Jönköping University, School of Health and Welfare, HHJ, Dep. of Rehabilitation. Jönköping University, School of Health and Welfare, HHJ. CHILD.
    Gjøvaag, T.
    Starholmen, I.
    Rusaw, David
    Jönköping University, School of Health and Welfare, HHJ, Dep. of Rehabilitation. Jönköping University, School of Health and Welfare, HHJ. ADULT.
    Effects of knee orthosis design on proprioception and balance2017Conference paper (Refereed)
  • 49.
    Ramstrand, Nerrolyn
    et al.
    Jönköping University, School of Health and Welfare, HHJ, Dep. of Rehabilitation. Jönköping University, School of Health and Welfare, HHJ. CHILD.
    Gjøvaag, Terje
    Oslo Metropolitan University, Norway.
    Starholm, Inger Marie
    Oslo Metropolitan University, Norway.
    Rusaw, David
    Jönköping University, School of Health and Welfare, HHJ, Dep. of Rehabilitation. Jönköping University, School of Health and Welfare, HHJ. ADULT.
    Effects of knee orthoses on kinesthetic awareness and balance in healthy individuals2019In: Journal of Rehabilitation and Assistive Technologies Engineering, ISSN 2055-6683, Vol. 6Article in journal (Refereed)
    Abstract [en]

    Introduction: Conflicting evidence exists regarding the effects of knee orthoses on proprioception. One belief is that pressure applied by orthoses heightens kinesthetic awareness and that this affects balance. This study aimed to investigate effects of two different orthosis designs on kinesthetic awareness and balance in healthy individuals.

    Methods: Twenty individuals (13 women) participated in this case series study. Each were tested wearing 1/no orthosis, 2/soft elastic orthosis and 3/non-elastic jointed orthosis. Pressure under orthoses was recorded. Kinesthetic awareness was investigated by testing Joint Position Sense (JPS) and Threshold to Detection of Passive Motion (TDPM). Balance was tested using a Modified Sensory Organization Test (mSOT).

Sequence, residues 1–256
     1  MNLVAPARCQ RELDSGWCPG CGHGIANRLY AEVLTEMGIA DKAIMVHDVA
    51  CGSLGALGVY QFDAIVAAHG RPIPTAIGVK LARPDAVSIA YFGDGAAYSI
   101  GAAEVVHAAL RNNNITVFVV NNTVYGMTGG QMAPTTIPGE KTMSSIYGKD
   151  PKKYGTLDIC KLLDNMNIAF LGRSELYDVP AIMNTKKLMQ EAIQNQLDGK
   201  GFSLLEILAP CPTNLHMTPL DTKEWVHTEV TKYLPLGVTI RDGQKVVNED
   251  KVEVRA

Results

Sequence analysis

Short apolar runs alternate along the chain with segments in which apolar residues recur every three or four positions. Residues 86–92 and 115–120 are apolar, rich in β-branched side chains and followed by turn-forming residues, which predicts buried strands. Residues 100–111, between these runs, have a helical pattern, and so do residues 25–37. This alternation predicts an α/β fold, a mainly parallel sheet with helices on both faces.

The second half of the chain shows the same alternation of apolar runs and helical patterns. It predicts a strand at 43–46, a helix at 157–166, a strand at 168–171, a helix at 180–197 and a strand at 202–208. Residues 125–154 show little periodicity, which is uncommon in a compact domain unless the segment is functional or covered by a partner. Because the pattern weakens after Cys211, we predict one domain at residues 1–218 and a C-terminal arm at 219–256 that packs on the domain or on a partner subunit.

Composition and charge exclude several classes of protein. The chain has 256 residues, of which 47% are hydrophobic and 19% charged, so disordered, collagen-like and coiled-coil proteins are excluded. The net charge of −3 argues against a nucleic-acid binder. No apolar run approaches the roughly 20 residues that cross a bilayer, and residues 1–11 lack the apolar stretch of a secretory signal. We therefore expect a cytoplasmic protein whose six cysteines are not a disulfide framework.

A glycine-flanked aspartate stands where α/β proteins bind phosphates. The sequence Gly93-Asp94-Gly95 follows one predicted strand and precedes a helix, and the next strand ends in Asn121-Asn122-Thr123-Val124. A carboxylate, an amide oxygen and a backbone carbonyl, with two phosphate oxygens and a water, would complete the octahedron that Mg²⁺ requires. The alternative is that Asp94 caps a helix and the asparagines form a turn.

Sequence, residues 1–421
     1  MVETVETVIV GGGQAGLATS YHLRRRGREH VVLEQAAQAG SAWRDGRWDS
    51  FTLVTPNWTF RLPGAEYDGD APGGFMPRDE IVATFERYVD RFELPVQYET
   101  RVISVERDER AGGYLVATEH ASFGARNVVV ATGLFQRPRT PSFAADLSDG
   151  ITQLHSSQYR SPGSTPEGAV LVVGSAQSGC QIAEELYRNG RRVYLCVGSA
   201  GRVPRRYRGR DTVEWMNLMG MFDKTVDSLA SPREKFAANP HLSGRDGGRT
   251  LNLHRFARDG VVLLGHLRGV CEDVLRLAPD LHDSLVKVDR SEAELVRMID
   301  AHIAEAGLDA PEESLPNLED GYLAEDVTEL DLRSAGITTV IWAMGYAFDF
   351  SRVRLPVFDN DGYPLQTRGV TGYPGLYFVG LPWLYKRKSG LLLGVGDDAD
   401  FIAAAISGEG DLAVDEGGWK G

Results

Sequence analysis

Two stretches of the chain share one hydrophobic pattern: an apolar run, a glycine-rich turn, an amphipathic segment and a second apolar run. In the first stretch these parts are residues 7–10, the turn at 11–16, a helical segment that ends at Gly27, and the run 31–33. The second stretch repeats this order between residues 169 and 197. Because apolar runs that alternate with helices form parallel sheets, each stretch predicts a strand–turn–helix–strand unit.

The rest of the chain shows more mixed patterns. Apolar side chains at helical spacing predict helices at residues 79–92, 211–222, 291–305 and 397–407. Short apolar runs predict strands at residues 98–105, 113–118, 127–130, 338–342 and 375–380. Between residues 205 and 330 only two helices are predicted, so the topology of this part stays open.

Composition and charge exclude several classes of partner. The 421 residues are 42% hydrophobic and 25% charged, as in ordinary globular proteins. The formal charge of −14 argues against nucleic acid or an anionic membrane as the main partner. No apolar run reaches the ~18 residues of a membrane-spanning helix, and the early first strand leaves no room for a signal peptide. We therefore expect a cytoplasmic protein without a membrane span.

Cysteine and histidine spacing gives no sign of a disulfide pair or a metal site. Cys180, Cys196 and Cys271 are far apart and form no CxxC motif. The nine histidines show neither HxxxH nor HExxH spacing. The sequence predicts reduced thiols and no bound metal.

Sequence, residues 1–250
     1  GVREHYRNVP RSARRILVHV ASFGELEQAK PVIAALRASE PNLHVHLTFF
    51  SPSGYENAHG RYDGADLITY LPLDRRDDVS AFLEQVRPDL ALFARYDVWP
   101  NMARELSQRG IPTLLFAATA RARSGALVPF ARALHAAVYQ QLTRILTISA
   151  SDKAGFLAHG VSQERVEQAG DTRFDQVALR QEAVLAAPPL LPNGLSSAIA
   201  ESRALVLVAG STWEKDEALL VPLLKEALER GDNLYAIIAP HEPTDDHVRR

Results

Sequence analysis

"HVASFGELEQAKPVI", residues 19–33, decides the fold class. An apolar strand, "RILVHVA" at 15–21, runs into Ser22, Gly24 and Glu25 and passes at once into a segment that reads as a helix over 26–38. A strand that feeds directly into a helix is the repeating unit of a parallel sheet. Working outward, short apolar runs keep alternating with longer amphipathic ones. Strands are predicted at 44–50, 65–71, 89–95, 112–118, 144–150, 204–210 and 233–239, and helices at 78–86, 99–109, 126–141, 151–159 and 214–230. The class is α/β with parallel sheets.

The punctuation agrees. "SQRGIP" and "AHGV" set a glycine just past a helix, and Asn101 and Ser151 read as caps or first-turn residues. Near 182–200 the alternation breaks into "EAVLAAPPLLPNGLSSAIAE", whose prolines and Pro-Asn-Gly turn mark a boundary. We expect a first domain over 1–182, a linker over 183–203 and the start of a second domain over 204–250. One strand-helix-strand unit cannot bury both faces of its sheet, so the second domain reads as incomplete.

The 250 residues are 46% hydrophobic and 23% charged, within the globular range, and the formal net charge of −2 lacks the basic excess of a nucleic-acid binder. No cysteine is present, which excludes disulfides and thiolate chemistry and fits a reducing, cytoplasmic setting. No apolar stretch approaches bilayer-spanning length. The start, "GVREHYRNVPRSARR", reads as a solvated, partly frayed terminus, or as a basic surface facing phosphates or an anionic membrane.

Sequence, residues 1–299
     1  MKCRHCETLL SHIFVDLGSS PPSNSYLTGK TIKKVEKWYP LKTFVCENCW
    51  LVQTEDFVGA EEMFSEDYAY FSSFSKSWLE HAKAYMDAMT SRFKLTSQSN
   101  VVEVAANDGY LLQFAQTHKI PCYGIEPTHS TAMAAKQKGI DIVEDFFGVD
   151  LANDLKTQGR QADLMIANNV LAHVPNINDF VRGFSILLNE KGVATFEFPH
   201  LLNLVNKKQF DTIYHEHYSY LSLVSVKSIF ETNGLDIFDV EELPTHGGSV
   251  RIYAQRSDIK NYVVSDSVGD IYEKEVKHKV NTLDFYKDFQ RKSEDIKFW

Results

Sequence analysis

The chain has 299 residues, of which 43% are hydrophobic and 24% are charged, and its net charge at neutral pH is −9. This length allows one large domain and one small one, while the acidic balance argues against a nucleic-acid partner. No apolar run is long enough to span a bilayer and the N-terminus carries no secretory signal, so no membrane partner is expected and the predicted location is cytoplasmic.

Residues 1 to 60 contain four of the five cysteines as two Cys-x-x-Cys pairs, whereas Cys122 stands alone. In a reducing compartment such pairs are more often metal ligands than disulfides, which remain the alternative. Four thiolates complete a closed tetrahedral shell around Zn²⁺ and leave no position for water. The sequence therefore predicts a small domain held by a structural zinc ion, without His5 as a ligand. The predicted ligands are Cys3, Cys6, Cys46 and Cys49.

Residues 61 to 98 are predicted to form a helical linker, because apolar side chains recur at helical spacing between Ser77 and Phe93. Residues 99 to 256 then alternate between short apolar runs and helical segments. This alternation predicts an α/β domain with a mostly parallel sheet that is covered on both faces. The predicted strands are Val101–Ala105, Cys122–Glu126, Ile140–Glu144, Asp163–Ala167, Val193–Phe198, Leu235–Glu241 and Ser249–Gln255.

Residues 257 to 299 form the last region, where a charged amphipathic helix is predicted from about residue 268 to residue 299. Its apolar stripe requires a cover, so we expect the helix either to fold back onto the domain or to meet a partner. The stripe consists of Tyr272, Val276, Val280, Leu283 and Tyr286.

Results: Non-elastic jointed orthoses applied the greatest pressure to the knee. With non-elastic jointed orthoses, TDPM was significantly poorer for pooled results (p= 0.02) and when the start position of the knee was 70 degrees (mean threshold = 0.6 º, 0.6 º, 0.7º for no-orthosis, elastic and jointed-orthoses; p= 0.03). No major differences were observed in JPS or balance and correlation between proprioception and balance was poor.

    Conclusions: There may be a limit to the amount of pressure that should be applied to the knee joint by an orthosis. Exceeding this limit may compromise kinesthetic awareness.

  • 50.
    Ramstrand, Nerrolyn
    et al.
    Jönköping University, School of Health and Welfare, HHJ, Dep. of Rehabilitation. Jönköping University, School of Health and Welfare, HHJ. Prosthetics and Orthotics.
    Jacobs, Norman
    ISPO Consensus Conference on Appropriate Lower Limb Orthotics for Developing Countries: Conclusions and Recommendations2007In: Prosthetics and orthotics international, ISSN 0309-3646, E-ISSN 1746-1553, Vol. 31, no 2, p. 214-216Article in journal (Other academic)